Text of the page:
Rassim Khelifa, Hayat Mahdjoub, Affef Baaloudj, and Sara Chaib. 2022. Language of citation and publishing performance of graduate students in French-speaking countries with different economic and linguistic advantages. FACETS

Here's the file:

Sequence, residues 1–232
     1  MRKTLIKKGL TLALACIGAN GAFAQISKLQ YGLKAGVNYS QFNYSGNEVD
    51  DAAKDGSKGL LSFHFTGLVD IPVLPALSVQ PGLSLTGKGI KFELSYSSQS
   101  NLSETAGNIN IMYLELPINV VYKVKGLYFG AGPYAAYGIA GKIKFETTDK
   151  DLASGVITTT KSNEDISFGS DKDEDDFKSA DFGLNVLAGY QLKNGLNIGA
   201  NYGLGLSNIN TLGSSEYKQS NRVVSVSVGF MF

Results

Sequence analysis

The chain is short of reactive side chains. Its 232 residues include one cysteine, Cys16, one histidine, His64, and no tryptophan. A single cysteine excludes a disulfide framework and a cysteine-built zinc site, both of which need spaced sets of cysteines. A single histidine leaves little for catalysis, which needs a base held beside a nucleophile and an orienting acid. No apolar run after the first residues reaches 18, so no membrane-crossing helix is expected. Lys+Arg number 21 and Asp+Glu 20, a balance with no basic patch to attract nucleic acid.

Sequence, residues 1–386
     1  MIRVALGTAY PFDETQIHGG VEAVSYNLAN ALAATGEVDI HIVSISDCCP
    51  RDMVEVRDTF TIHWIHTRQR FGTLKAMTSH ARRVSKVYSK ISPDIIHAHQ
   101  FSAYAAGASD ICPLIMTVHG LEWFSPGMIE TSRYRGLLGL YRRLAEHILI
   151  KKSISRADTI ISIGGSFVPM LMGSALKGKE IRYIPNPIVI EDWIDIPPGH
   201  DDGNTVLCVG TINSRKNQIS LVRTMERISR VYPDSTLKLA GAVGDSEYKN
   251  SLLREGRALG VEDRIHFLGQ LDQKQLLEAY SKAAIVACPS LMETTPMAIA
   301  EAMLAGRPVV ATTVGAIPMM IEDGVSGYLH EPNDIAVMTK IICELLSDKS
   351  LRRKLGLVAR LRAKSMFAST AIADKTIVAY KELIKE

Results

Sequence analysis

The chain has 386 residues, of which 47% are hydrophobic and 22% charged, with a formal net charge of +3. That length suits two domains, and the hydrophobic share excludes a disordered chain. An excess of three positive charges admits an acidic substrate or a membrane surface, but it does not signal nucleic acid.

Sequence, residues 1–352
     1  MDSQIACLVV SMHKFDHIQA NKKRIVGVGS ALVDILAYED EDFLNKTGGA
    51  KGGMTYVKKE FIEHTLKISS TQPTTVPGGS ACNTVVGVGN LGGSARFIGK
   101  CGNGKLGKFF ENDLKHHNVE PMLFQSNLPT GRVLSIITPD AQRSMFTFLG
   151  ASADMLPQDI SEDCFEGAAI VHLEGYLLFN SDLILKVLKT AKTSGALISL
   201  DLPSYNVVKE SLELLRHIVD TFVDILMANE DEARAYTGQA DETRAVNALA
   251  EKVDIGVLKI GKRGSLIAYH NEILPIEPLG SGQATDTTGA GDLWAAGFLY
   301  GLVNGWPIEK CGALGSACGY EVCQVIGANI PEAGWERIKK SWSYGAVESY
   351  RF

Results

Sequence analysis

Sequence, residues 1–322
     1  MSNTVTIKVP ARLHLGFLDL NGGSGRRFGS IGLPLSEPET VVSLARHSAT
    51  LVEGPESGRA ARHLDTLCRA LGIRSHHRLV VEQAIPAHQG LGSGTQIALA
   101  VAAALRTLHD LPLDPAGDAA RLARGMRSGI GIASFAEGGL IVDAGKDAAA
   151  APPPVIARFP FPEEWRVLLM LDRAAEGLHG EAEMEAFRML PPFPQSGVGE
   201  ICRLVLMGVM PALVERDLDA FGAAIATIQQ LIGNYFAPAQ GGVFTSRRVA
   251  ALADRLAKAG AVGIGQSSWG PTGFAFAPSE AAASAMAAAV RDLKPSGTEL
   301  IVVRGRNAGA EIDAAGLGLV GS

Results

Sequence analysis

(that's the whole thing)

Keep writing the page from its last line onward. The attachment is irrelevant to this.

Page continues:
The performance of graduate students in research varies greatly across countries due to various factors, mainly socioeconomic and linguistic. The current situation is critical because the wealthiest countries are also the most linguistically equipped to navigate the English-dominant landscape of academia. Here, we assess the language of citations and the publishing performance of graduate students from three French-speaking countries: Algeria, Canada, and France, where Algeria is the least English proficient and the most economically disadvantaged. We found that the bibliography of PhD theses were English dominated in all regions (72.5% in Algeria compared with >93.1% in Western countries), whereas those of Masters theses were French dominated in Algeria (63.3%), relatively bilingual in France (47.6% French), but English dominated in Canada-Québec (94.7%) and Canada-BC (98.7%). Algerian PhD students produced fewer papers, were less likely to publish in journals with calculated impact factors, and received fewer citations than students who graduated from universities in France or in two Canadian provinces, British Columbia and Québec. Our results suggest that the economic and linguistic disadvantages faced by graduate students from non-Western backgrounds affect their academic performance, highlighting important issues in facing future global challenges.